Relax Your Butt

 photo image.jpeg
Sam fell asleep in the car this afternoon, and I opted to try to transfer him to his bed instead of following my traditional course of action, which is to listen to music and text and generally avoid responsibilities in my car until he wakes up. Bringing a sleeping child inside is a risk - the parental version of Russian Roulette.  There are so many factors working against you:

-Seat belt maneuvering -Car door noises -Cold -Wind -The darn birds

Each obstacle that doesn't yield a screaming baby is a Russian-Roulette-caliber sigh of relief; it is hope and life and an hour of nap time to accomplish things.

I lifted Sam onto my shoulder without incident; he was exhausted, and all 30 lbs of his two year old self pressed heavy into my chest.  I laid his blanket over his back to shield him from the elements - one of my hands tenderly, protectively on the back of his head, and the other bearing his weight under his thighs.

Halfway between the car and the house, I felt Sam stir.  I felt him flexing and releasing his legs, his butt, over and over, fighting for sleep.

Now here is the delicate balance, the dangerous dance:  You must get to the bed ASAP, but without increasing your heart rate enough for the child to sense it.  You have to move quickly, fluidly, and silently with a little bit of a waddle, so that your bent knees absorb all the bumps and jostles.

When Sam started to squirm, I picked up the pace and whispered, "Shh, shh, shh, don't wiggle."

He kept on flexing and squirming, trying to carve out a warm, safe space in the crook of my arm.  "Shh, shh, shh.  Relax your little butt.  I've got you."

Then I said, " Trust my arms.  Trust my strength.  Trust my love."

And I felt a familiar surge in my chest.  The God-speaking-surge.

How many times has He whispered those words to me TODAY?

"Kate, stop wiggling.  Relax your little butt.  (How glorious that in relation to all the cosmos in the hollow of His hand my butt is very, very small.)  Trust my arms.  Trust my strength.  Trust my love."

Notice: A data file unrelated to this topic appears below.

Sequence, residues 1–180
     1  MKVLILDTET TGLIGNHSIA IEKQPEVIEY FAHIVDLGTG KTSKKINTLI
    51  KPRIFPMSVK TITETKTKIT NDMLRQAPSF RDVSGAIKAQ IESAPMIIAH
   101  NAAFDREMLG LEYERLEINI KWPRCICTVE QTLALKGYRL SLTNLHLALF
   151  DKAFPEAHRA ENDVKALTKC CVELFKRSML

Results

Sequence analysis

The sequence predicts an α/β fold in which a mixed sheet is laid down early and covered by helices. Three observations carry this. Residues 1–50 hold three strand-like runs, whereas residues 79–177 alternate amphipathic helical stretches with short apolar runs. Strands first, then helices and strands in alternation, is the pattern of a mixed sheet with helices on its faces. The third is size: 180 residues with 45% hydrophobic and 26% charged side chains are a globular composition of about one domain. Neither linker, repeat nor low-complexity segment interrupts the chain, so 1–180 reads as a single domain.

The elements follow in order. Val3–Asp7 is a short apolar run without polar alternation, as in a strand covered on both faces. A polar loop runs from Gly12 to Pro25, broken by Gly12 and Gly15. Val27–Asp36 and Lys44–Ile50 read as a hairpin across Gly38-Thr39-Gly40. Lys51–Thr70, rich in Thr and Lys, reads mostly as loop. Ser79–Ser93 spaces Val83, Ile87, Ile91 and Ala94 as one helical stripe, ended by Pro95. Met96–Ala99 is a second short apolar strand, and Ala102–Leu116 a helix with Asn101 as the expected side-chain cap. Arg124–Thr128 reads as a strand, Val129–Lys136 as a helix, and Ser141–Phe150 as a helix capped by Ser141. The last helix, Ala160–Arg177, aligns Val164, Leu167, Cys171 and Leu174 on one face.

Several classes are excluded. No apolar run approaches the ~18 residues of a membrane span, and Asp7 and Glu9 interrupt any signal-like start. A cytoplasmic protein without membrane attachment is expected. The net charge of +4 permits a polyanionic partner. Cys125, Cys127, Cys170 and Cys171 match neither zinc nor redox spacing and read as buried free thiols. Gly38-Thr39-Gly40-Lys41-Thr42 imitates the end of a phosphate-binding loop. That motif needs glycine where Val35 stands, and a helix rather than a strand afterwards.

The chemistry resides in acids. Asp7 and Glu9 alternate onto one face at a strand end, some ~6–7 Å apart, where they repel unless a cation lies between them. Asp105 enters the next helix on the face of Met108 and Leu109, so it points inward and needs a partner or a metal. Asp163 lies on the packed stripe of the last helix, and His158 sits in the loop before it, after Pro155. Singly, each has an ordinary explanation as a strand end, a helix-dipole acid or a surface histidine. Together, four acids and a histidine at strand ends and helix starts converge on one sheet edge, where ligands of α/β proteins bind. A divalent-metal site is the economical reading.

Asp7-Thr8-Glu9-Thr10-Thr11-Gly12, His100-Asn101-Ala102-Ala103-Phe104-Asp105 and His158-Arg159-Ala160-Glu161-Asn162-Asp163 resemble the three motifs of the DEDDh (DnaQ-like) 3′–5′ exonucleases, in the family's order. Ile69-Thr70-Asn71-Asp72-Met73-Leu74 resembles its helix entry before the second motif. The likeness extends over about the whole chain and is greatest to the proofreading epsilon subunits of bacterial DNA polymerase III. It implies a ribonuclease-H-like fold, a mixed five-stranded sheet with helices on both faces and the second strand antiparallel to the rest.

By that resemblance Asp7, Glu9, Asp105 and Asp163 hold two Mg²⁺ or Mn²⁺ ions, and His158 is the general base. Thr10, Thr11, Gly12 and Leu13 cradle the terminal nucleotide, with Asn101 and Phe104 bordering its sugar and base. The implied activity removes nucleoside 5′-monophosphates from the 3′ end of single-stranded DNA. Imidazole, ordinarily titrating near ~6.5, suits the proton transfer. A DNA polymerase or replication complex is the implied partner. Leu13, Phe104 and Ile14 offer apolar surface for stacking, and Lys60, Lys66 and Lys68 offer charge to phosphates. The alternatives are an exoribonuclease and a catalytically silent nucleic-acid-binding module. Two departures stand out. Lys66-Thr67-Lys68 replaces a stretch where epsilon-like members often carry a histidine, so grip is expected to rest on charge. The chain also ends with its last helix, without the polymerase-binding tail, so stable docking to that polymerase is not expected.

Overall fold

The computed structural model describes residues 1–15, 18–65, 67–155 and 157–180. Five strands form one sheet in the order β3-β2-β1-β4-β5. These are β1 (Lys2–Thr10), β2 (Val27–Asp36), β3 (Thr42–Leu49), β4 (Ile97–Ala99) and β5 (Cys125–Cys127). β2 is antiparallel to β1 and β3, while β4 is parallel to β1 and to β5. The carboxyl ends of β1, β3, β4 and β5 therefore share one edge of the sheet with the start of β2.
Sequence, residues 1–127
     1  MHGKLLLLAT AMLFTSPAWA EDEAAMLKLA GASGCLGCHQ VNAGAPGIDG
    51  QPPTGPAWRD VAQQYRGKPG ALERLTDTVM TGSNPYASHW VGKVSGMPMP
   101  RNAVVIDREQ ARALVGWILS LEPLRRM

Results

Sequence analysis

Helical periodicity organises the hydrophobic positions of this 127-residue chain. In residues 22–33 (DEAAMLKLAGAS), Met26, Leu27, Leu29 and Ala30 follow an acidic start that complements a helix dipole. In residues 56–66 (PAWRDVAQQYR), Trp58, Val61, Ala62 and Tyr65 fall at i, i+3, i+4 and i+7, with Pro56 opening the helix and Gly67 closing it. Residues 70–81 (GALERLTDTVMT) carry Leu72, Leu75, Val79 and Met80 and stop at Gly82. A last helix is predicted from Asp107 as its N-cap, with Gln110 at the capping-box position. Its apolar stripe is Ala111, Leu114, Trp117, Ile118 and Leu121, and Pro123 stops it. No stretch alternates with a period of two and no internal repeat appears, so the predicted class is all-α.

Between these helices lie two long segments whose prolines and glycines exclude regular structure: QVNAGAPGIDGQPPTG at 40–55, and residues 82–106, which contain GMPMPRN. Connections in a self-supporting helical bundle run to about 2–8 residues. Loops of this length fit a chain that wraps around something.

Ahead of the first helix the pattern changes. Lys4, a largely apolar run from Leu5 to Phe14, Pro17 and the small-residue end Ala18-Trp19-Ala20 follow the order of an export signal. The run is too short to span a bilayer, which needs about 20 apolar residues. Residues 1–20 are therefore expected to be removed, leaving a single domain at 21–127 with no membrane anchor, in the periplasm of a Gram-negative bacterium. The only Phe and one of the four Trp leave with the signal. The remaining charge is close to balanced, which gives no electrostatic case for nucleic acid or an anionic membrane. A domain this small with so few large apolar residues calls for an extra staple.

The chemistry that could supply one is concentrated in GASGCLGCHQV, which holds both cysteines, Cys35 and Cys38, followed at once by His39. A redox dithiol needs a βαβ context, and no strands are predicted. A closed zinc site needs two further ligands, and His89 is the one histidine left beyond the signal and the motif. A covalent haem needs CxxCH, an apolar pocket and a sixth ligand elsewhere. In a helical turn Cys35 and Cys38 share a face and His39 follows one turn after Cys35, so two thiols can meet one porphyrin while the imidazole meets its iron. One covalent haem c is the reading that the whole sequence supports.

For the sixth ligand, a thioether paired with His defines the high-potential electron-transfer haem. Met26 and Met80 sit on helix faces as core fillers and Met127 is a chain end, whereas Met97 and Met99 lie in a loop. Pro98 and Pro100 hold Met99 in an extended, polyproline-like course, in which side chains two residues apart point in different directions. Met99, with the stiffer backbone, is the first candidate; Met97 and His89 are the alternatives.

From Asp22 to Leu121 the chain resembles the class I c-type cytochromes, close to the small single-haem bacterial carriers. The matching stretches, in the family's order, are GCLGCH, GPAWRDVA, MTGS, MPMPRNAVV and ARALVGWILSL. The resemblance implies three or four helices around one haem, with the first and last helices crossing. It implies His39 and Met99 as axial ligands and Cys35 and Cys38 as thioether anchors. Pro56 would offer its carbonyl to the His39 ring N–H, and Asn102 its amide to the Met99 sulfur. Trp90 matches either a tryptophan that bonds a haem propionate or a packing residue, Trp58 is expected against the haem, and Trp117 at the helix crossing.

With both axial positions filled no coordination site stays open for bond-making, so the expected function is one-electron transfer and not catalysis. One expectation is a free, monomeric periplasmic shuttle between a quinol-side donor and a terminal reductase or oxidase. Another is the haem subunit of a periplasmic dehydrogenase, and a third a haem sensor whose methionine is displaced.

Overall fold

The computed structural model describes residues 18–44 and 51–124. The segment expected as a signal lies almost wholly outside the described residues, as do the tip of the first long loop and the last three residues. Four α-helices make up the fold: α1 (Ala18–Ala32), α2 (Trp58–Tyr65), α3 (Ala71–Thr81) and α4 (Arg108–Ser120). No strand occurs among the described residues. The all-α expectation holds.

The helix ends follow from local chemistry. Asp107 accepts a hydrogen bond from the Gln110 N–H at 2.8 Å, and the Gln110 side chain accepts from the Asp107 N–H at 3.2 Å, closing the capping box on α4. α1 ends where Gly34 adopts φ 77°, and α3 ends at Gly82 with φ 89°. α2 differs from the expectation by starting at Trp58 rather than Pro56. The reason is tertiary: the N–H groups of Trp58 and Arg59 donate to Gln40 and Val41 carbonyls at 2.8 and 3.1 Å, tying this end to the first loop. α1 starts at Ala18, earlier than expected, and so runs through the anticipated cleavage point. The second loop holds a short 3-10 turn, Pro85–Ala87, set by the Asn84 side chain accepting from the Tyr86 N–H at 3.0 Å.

I am a strategist and an energy-preserver and I work really well within structure and flounder outside of it - and that makes me a wiggler.  That makes me want to know what's going on and why - not so that I can control it (I tell myself), but so that I can prepare for it.  I'm very flexible as long as I know exactly what is going on.  (So, about as flexible as an anvil.)  I say, "Jesus, your will be done.  But give me a heads up as to exactly what your will is, so that I can adjust my attitude and my expectations and generally get on board."  I get agitated when God does not consult me about His plans, or at least update me.  A little common courtesy is all I ask.

But that's not how faith works.  For who has known the mind of the Lord?  And who has been his counselor?  Oh the depths of the riches of the wisdom and knowledge of God.  How unsearchable his judgments and his paths beyond tracing out.  (Romans 11:34 & 33)  Faith is not for the faint of heart.  And God tells me, every day, some days more patiently than others, every time I stop for long enough to listen:

 Stop wiggling.  Relax your butt.  Trust my arms.  Trust my strength.  Trust my love.  I can carry you.